Malcolm Gladwell — the British-Canadian journalist and author of The New York Times bestsellers “The Tipping Point,” “Blink” and “Outliers” — raised a controversy and a trail of questions Thursday night after his lecture at the Harrison Auditorium in the Penn Museum.
As a public intellectual, Gladwell lectured on the topic of “thinking” — which is the Benjamin Franklin Scholars Integrated Studies Program theme this semester.
The talk was part of the University’s “Year of Proof” speaker series, and on this theme, Gladwell provoked contentious debate when his subject turned to something close to the hearts of many — football.
Introduced by Dean of the School of Arts and Sciences Rebecca Bushnell and Director of BFS Peter Struck, Gladwell began by reminiscing on his talk at Penn three years ago. On that occasion, he spoke about how universities should teach students how to drink properly. This reflection helped set the tone for the rest of Thursday night’s lecture.
“What level of proof do we need about the harmfulness of some activities before we act?” Gladwell asked. Supplying the intuitive answer, Gladwell explained that usually, we ask for evidence. And that is perfectly fine, he added, as it would be improper to act in the absence of evidence.
But that would raise a second question, he said: are there instances where we ask for too much evidence before acting?
According to Gladwell, the request for “proof” sometimes turns into an excuse for inaction, leaving people suffering when they shouldn’t be.
He illustrated this through an early 20th-century study by statistician Frederick Hoffman. The study investigated miners dying of black lung disease due to overexposure to coal dust. The findings were largely ignored due to private interest groups and a “lack of evidence” from such a small-scale, informal study. It was not until 1975, however, that working conditions finally ameliorated.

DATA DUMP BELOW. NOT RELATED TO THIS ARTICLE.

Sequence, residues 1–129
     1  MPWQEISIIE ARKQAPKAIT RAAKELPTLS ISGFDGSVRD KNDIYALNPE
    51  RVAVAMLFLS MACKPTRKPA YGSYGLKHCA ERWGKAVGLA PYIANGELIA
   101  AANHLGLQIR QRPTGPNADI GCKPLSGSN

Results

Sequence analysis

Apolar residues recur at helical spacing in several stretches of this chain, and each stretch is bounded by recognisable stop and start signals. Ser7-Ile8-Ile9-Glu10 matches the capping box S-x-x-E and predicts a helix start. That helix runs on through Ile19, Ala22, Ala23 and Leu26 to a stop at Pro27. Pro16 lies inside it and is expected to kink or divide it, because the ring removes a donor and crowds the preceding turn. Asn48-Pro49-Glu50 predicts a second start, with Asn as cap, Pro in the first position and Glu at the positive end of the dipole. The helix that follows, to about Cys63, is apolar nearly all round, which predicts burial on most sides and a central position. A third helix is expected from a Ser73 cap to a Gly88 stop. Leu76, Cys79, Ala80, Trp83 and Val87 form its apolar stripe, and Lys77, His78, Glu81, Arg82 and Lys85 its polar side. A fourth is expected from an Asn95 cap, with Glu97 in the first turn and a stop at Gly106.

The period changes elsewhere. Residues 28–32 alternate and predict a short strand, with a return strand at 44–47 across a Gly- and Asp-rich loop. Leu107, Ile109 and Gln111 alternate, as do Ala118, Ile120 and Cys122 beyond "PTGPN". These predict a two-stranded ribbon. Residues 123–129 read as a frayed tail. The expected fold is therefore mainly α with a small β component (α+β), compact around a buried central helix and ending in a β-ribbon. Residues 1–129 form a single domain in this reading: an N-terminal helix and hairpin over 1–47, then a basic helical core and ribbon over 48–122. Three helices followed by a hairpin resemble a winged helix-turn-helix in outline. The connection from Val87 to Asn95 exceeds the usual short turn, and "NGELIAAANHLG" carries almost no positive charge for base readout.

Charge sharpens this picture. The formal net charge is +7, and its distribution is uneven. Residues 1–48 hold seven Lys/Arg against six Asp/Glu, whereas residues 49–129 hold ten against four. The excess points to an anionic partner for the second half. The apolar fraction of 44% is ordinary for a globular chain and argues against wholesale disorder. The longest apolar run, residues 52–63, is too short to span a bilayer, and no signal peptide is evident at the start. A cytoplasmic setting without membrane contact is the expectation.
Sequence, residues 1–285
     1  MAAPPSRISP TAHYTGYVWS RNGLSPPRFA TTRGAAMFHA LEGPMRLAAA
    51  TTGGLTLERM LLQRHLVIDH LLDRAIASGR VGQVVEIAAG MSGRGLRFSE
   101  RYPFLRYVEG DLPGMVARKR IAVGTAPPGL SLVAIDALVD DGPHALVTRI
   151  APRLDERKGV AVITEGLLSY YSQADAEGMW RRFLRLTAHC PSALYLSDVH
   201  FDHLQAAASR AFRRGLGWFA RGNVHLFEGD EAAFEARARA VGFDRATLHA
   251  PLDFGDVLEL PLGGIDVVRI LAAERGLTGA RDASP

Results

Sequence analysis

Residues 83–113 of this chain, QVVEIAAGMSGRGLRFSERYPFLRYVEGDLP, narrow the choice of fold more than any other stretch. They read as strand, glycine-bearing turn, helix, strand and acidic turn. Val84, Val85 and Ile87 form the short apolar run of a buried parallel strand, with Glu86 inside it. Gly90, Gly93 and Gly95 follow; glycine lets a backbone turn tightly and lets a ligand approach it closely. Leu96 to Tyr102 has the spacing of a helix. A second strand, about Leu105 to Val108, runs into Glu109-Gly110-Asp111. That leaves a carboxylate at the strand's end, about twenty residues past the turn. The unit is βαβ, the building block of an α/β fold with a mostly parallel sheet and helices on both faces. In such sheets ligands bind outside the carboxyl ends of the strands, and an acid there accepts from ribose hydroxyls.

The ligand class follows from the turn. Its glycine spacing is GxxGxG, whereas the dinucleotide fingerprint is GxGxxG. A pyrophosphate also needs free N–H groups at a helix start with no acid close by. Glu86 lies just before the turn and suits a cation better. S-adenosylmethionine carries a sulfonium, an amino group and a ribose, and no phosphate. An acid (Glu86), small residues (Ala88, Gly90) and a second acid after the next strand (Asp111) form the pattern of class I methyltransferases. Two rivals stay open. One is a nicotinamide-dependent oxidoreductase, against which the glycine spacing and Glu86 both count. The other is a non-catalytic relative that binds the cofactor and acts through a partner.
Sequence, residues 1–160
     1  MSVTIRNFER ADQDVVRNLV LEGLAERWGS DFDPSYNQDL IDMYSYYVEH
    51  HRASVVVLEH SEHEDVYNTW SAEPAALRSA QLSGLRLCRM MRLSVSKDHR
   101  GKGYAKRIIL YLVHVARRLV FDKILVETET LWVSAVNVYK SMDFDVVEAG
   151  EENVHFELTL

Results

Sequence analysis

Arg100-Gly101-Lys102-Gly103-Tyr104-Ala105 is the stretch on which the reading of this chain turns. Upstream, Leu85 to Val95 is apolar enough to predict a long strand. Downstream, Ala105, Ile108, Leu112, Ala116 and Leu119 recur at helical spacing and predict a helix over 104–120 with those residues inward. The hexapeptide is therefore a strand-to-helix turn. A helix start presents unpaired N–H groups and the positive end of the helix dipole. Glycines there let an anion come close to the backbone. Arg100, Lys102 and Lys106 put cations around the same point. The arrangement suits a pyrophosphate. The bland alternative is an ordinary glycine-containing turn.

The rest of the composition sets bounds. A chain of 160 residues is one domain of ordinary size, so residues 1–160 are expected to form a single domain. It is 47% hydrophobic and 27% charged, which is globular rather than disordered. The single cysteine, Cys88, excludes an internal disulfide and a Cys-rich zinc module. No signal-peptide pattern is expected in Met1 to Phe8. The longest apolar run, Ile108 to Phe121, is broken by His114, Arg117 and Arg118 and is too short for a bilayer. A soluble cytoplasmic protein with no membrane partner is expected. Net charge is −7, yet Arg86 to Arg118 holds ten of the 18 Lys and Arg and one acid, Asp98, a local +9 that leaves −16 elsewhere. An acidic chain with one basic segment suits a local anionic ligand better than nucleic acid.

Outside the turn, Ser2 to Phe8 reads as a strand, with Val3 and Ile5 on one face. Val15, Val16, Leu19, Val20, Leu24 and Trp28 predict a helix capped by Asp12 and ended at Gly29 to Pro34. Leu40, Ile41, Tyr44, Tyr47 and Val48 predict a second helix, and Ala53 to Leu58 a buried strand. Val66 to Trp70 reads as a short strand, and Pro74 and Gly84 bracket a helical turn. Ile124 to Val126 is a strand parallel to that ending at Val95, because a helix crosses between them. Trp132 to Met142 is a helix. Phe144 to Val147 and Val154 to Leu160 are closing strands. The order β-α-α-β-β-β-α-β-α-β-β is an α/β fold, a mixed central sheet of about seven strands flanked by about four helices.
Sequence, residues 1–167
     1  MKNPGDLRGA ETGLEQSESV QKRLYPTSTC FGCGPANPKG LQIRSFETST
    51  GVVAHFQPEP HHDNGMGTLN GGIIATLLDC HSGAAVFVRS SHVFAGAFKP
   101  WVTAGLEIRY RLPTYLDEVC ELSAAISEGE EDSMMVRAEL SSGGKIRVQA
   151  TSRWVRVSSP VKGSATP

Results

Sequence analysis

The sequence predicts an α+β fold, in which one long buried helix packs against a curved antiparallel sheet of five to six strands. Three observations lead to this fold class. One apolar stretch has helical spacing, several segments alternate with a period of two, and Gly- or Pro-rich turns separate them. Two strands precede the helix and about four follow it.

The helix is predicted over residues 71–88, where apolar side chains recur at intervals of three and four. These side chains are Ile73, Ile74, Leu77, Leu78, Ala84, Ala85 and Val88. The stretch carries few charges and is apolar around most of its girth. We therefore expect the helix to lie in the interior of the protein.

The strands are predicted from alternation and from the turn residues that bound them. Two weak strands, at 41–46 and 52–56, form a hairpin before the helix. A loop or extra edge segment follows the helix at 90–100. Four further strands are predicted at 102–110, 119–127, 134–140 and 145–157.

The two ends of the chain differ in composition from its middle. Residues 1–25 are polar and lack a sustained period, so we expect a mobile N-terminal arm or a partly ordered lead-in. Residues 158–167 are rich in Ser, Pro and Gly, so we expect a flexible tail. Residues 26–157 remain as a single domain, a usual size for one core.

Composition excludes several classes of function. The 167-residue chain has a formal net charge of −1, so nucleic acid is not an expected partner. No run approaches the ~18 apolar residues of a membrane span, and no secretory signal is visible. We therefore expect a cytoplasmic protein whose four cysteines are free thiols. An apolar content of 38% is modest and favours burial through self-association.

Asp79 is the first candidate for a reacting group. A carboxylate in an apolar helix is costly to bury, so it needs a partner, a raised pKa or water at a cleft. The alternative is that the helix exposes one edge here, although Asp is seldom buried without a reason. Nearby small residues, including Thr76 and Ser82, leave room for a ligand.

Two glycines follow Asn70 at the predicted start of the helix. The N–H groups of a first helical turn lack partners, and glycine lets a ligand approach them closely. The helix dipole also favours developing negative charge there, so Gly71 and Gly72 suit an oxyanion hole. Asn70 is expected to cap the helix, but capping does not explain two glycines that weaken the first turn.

In Gladwell’s view, people are no more empathetic or enlightened than they were a century ago. And that, he said in a surprising narrative twist, is manifest through the nation’s obsession with football, especially at the college level.
Gladwell outlined the risks involved in playing football — in one season, he said, players sustain 1,000 blows to the head on average, excluding concussions or more severe injuries. This amount of damage is conducive to the development of a disorder known as chronic traumatic encephalopathy — a degenerative neurological disease that eventually leads to dementia and death.
The disease is not anything new, and the list of suicides attributed to CTE is only growing.
In fact, Owen Thomas — the late Wharton student and varsity football player — is on that list. Although he did not have a history of depression, Thomas committed suicide as a junior in 2010. The autopsy revealed that he too was a victim of CTE.
This, Gladwell suggested, calls for action. He suggested that Penn students boycott football games as a way to protest what he called a “violent, stupid game” that serves only entertainment purposes.
Wharton senior and football player John Onwualu felt that Gladwell’s claims were disrespectful, a sentiment echoed by other football players present. In particular, Onwualu was “disappointed that a speaker would come to the University and suggest that the University did not appropriately handle the death of Owen Thomas, or that he brought up someone’s death as a way to bolster his point.”
He added that “the way [Gladwell] expressed his opinions was inappropriate and disrespectful for a speech like that.”
Other students unaffiliated with the football team found Gladwell provocative as well, but agreed with the author’s general opinion.
College of Liberal and Professional Studies student Zach Winston said, “You have to be provocative [sometimes].”